Ideology isn’t something that any leader can turn on and off at will, but that does not necessarily lead to irrational policy making.
Two references to ideology in a New York Times article on the recently declared ceasefire in Gaza stand out. First, President Obama is reported as having told his aides that, “he was impressed with the Egyptian leader’s pragmatic confidence. He sensed an engineer’s precision with surprisingly little ideology.”
Second, Robert Satloff, executive directior of the Washington Institute for Near East, had the following advice for President Obama:
I would caution the president from believing that President Morsi has in any way distanced himself from his ideological roots. But if the president takes away the lesson that we can affect Egypt’s behavior through the artful use of leverage, that’s a good lesson. You can shape his behavior. You can’t change his ideology.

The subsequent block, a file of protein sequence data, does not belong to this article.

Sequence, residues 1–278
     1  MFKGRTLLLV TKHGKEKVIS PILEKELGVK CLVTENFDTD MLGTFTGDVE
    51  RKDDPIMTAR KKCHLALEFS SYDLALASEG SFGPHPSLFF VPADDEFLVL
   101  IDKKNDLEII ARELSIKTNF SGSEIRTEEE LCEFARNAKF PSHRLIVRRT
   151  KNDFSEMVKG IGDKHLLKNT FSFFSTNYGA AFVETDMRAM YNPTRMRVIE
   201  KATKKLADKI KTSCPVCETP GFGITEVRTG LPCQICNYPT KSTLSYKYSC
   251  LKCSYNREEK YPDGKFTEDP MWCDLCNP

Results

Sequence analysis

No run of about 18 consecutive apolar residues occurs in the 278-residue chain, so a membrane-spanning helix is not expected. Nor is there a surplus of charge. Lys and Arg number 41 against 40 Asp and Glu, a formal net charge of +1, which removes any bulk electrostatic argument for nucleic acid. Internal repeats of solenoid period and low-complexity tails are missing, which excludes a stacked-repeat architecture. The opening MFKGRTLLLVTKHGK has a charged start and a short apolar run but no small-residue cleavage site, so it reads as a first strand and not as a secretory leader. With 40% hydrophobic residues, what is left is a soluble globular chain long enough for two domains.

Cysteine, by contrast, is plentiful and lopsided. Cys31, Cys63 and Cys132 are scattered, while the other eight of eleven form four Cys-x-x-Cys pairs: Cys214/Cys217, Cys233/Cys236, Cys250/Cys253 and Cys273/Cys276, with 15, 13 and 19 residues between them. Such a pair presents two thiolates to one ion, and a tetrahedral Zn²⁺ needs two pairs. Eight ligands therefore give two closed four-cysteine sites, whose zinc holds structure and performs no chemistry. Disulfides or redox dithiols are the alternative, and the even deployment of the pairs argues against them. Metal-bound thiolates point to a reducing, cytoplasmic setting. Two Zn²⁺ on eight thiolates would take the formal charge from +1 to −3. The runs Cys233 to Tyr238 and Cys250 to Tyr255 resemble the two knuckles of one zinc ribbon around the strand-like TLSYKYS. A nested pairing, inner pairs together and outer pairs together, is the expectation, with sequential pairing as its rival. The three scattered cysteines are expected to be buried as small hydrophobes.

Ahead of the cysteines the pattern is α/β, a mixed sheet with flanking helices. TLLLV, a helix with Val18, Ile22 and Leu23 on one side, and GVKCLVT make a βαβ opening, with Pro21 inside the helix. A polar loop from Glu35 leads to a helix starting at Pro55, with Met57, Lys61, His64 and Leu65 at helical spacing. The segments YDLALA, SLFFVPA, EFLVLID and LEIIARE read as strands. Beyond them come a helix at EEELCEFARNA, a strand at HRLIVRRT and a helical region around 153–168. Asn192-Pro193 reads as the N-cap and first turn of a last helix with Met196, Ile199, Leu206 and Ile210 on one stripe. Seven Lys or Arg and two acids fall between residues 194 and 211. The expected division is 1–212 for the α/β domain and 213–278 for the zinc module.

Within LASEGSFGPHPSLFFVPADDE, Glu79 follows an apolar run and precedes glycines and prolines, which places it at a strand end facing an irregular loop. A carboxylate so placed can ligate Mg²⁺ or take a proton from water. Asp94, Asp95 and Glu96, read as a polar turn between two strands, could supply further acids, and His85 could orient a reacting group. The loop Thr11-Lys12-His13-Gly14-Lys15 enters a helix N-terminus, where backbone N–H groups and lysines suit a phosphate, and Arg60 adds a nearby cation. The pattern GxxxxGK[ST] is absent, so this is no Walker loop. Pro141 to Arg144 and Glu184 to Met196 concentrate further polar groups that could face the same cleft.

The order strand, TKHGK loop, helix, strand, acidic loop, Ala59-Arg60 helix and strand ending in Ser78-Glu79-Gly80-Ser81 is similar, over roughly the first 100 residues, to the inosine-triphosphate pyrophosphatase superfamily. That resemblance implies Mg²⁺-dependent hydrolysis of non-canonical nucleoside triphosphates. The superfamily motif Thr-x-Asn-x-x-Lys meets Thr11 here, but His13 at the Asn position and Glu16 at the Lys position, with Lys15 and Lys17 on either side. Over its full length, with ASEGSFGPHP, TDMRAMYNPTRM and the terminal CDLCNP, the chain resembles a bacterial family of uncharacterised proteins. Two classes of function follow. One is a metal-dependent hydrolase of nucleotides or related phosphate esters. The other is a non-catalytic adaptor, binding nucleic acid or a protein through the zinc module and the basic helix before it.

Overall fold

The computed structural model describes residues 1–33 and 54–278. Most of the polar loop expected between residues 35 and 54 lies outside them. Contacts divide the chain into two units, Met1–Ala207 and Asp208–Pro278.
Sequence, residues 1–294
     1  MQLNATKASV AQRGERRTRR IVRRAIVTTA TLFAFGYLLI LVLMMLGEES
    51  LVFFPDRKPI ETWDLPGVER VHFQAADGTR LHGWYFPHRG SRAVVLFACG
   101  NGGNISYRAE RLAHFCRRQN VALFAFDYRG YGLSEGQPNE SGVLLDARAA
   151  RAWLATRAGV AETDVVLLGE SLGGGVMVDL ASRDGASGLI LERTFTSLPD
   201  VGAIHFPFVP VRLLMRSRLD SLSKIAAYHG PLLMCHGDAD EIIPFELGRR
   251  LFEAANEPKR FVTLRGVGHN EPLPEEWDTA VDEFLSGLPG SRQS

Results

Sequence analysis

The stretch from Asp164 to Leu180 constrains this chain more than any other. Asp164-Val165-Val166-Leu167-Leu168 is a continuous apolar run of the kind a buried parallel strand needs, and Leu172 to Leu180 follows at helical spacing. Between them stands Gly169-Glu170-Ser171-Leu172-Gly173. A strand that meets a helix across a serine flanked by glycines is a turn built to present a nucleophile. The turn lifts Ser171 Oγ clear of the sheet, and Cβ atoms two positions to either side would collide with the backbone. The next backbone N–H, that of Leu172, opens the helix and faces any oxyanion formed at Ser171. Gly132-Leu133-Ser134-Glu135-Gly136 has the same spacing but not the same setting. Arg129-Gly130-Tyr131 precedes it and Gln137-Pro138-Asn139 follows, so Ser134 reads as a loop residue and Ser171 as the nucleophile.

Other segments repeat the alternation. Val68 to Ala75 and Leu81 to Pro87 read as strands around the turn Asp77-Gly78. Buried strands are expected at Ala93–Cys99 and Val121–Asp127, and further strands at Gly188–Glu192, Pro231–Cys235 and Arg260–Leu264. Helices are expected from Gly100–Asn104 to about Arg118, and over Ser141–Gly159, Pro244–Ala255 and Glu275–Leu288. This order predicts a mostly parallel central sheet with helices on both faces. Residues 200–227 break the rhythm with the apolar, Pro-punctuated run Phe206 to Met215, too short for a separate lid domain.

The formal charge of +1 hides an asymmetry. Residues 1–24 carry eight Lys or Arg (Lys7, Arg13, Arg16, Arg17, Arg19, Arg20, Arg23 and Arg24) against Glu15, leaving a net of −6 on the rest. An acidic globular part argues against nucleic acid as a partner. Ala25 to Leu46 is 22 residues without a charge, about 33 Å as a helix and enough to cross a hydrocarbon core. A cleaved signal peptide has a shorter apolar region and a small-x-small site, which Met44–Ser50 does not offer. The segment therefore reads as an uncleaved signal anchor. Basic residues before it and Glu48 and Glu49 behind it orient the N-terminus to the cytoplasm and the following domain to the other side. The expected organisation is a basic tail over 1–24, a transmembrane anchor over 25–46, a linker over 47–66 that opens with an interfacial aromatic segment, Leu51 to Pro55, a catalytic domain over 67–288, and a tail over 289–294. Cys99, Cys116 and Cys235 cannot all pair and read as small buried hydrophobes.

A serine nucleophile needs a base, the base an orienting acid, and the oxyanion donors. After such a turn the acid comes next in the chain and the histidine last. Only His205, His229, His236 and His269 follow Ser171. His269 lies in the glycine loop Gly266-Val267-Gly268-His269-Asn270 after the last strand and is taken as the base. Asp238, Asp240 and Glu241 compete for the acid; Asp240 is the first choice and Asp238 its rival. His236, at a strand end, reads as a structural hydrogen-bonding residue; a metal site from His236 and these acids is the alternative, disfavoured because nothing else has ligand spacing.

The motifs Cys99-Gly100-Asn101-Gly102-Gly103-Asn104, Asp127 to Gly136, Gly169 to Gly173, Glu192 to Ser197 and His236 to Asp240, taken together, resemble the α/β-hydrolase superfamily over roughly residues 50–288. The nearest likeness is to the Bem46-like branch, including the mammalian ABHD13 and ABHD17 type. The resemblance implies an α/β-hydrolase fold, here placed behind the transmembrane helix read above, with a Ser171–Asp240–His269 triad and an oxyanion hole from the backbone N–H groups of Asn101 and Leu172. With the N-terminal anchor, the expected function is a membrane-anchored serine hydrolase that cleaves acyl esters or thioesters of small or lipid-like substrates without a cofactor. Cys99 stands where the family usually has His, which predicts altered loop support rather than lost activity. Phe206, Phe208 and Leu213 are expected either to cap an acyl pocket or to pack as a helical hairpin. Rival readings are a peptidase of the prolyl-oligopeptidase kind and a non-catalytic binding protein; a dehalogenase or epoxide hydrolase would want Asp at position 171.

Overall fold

Is it Morsi’s ideology that we should be concerned about? Or that of analysts of post-Mubarak Egypt, whose own ideological preconceptions of the Muslim Brotherhood and its relationship with Hamas lead to dim views on the prospects for cooperative U.S.-Egyptian relations?
Also, while there are identifiable tenets of Brotherhood ideology, how Morsi interprets and applies them will be a function of a host of factors, so a static take seems unlikely. One factor will be American projections of the relative importance of ideology to Egypt’s foreign policy. Given this, de-emphasizing Morsi’s ideology is of as little point as exaggerating its significance. The U.S. should seek to project a more realistic understanding of the role of ideology in foreign policy – that it informs the policies of all states to some degree, is multi-faceted, and that at certain times, some aspects will be more pronounced than others. It is not because reason trumped ideology that these two states were able to work together to broker a ceasefire, but rather a reflection of the fact that ideologically informed policies need not preclude cooperation.